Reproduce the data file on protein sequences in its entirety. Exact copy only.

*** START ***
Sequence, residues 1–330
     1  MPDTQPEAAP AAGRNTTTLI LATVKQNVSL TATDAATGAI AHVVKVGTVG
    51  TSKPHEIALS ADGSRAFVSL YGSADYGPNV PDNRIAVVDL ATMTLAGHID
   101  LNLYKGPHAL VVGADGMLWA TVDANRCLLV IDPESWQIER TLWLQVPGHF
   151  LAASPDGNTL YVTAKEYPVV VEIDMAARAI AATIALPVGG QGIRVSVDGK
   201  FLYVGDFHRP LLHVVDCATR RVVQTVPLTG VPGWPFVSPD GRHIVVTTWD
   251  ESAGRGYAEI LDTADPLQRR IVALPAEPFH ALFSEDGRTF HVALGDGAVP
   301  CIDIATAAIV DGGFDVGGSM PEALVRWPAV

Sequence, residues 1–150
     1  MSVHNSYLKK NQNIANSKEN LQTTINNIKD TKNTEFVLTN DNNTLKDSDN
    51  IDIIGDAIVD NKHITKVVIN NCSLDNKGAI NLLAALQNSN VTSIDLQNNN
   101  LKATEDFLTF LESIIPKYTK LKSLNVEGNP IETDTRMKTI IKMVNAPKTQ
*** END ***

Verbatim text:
Sequence, residues 1–330
     1  MPDTQPEAAP AAGRNTTTLI LATVKQNVSL TATDAATGAI AHVVKVGTVG
    51  TSKPHEIALS ADGSRAFVSL YGSADYGPNV PDNRIAVVDL ATMTLAGHID
   101  LNLYKGPHAL VVGADGMLWA TVDANRCLLV IDPESWQIER TLWLQVPGHF
   151  LAASPDGNTL YVTAKEYPVV VEIDMAARAI AATIALPVGG QGIRVSVDGK
   201  FLYVGDFHRP LLHVVDCATR RVVQTVPLTG VPGWPFVSPD GRHIVVTTWD
   251  ESAGRGYAEI LDTADPLQRR IVALPAEPFH ALFSEDGRTF HVALGDGAVP
   301  CIDIATAAIV DGGFDVGGSM PEALVRWPAV

Sequence, residues 1–150
     1  MSVHNSYLKK NQNIANSKEN LQTTINNIKD TKNTEFVLTN DNNTLKDSDN
    51  IDIIGDAIVD NKHITKVVIN NCSLDNKGAI NLLAALQNSN VTSIDLQNNN
   101  LKATEDFLTF LESIIPKYTK LKSLNVEGNP IETDTRMKTI IKMVNAPKTQ